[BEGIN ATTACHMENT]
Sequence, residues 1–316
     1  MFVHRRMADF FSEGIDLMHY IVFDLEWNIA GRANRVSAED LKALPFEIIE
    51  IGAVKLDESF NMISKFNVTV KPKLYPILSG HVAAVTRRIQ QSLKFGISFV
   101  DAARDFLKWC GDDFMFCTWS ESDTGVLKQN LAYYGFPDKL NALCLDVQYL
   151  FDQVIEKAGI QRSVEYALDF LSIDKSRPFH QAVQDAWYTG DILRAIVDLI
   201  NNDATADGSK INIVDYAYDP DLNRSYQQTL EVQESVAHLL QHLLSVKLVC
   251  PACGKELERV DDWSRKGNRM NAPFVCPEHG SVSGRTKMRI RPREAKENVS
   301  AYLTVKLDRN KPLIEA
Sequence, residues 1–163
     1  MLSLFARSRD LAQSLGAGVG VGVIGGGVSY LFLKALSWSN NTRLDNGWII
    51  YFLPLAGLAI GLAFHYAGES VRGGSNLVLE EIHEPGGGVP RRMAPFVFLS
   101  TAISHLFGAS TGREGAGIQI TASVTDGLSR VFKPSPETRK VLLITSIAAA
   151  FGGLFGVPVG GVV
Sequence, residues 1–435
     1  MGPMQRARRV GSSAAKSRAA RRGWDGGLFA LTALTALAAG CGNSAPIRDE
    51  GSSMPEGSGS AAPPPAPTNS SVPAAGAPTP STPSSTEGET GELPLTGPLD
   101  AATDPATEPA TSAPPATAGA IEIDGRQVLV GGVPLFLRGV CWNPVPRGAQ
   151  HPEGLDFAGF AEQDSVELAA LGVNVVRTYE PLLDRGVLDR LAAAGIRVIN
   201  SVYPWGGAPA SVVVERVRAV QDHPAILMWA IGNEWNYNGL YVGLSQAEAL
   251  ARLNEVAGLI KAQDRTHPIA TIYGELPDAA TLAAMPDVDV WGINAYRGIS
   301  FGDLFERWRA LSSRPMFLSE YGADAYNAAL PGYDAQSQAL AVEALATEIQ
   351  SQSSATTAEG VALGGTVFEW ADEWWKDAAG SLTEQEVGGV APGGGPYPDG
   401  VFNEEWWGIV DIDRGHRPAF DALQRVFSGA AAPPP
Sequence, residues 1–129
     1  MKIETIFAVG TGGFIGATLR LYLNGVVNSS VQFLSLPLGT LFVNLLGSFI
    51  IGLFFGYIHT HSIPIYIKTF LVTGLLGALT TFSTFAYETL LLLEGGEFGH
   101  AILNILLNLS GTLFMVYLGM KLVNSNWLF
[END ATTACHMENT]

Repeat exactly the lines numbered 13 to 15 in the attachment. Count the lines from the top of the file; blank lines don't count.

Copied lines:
   151  FGGLFGVPVG GVV
Sequence, residues 1–435
     1  MGPMQRARRV GSSAAKSRAA RRGWDGGLFA LTALTALAAG CGNSAPIRDE